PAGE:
Image based on photo by Bruce Fayman,
Creative Commons CC BY-NC 2.0
The first chapter is important to any book, but especially a mystery novel, right? It needs to be a royal tingler. This first chapter didn’t exist until several drafts of Border Field Blues had been completed. My original first chapter had to be tossed out. I rather liked it, but it had to go. I killed it. It’s dead. If you’re interested, you can read the original here. It doesn’t really give anything away — not at this point, anyway. If you’re not interested, then move along. There’s nothing to see here.
Annotations & Translations
Coyotes — people smugglers. This term is pretty well known now, via the news media, books, movies, etc. More specifically, according to my Oxford dictionary — “a person who smuggles Latin Americans across the US border, typically for a high fee.”
The original, native Mexican word was “coyotl”.
Vihuela — The Mexican Vihuela, in this case, a small five-string guitar. You can see, and hear, some examples in the videos section.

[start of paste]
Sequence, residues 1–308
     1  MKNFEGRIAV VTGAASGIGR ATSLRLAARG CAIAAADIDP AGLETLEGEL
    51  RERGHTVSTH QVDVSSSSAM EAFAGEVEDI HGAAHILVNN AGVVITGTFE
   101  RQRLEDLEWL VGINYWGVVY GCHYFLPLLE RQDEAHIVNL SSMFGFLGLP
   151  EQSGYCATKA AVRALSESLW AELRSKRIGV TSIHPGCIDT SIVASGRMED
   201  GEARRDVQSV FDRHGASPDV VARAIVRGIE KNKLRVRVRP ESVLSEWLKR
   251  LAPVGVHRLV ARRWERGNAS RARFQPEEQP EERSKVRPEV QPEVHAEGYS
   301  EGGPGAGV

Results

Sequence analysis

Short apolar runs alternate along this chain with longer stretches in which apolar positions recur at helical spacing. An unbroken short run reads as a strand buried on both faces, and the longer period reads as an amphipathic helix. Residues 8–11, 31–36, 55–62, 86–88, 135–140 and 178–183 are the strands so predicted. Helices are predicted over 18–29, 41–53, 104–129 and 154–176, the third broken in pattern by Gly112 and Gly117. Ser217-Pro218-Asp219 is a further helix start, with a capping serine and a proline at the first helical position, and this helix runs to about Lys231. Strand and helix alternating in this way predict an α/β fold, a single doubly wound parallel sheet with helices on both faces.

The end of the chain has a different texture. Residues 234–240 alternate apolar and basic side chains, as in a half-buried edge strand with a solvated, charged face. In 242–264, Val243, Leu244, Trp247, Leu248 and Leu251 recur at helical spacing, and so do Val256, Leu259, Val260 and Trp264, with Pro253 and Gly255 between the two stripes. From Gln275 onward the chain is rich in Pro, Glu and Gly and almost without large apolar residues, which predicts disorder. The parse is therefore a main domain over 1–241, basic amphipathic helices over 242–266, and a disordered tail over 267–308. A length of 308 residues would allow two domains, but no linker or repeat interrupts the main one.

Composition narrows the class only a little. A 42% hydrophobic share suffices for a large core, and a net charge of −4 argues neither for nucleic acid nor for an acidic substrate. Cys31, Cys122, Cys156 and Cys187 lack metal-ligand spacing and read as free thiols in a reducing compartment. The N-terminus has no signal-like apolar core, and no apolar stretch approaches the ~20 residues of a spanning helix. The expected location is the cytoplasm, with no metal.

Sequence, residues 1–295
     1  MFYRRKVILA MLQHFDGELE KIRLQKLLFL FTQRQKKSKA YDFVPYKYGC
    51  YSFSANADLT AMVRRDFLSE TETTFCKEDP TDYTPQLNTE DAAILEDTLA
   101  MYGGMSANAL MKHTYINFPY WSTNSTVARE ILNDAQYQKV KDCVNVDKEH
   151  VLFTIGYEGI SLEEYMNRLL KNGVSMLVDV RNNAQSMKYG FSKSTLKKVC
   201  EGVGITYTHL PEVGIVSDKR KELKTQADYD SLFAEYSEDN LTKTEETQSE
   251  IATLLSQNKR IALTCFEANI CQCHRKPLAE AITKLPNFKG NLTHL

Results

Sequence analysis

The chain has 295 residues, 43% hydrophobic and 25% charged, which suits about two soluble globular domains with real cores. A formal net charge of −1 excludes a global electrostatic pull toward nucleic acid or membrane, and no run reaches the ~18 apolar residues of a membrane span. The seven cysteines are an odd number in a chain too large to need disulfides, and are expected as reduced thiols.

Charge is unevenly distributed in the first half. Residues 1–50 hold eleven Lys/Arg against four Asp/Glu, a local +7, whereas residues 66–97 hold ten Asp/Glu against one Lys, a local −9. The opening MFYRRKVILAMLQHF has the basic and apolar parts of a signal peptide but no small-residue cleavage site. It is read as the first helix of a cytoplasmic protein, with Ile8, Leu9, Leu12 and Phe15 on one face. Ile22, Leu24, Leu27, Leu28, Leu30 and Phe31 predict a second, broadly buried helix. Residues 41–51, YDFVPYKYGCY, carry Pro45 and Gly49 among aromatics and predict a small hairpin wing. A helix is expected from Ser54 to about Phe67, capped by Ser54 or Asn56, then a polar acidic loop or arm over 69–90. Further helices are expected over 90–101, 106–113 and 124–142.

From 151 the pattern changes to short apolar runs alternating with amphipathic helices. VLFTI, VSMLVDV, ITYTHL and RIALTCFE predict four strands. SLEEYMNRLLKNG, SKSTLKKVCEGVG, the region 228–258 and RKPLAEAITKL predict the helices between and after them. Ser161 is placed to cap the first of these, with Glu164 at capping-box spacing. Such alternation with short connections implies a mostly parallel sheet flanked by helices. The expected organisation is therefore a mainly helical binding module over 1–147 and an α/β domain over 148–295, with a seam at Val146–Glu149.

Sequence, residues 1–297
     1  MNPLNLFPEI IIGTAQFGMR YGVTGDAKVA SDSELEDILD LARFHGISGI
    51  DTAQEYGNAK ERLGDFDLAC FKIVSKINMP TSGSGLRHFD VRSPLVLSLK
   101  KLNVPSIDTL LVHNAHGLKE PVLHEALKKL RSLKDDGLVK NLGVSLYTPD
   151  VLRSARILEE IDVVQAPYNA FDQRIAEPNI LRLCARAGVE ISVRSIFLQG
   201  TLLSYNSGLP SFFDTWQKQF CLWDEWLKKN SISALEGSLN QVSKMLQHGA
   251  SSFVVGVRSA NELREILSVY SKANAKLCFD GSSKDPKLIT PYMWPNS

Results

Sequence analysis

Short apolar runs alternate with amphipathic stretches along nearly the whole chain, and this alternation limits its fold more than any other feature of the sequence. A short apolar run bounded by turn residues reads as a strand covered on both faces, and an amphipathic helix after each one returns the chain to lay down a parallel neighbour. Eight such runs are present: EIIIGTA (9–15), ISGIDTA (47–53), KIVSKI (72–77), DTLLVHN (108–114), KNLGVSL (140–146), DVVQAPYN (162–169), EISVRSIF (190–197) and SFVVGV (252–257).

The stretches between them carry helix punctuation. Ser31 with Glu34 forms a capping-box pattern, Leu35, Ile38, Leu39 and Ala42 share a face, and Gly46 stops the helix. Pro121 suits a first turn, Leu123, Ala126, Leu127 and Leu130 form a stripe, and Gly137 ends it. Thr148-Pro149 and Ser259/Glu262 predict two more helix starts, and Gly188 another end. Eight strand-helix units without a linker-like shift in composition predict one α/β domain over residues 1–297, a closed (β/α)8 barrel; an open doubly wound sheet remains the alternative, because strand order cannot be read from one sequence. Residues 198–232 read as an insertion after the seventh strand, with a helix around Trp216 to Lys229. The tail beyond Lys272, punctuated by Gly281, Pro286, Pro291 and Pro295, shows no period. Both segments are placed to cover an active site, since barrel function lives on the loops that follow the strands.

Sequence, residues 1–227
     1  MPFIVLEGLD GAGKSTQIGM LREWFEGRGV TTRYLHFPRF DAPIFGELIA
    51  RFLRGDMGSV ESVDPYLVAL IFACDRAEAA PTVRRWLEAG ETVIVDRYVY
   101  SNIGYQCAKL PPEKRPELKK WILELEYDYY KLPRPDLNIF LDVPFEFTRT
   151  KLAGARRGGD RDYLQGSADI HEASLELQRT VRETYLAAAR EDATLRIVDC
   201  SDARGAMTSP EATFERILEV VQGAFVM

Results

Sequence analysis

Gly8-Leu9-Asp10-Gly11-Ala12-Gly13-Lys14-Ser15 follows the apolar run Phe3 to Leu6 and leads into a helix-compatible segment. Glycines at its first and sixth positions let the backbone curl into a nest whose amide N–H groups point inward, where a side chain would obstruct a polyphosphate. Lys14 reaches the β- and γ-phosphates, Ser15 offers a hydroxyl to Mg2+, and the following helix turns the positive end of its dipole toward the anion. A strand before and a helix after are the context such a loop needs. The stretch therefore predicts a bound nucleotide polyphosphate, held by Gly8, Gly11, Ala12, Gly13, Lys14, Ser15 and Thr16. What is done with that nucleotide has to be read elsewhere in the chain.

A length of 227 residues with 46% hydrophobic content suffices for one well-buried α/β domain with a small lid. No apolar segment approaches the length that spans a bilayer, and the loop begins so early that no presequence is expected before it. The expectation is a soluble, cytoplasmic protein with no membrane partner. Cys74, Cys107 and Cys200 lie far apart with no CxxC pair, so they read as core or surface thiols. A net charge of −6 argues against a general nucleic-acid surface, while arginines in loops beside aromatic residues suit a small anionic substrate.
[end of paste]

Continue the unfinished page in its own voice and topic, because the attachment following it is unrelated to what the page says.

Telenovela — somewhat equivalent to American soap operas, with similarly rabid fanbases, though with more limited runs.
Coatlaxopeuh — Better known as Guadalupe to Americans, also the virgin patroness of Mexico, a vision of the Virgin Mary seen by Juan Diego. More on that later, but you might want to remember this.
Muéstrese — Show yourself.
No le entiendo — I don’t understand.
No sabe — I don’t know.
Chulo — Pimp
Secret writing tip to add the appropriate accents to Spanish words. It’s all about the alt/option key:
- Alt/Option – c will give you ç
- Type Alt/Option – n, then n again to get ñ
- Type Alt/Option – e, then e again to get é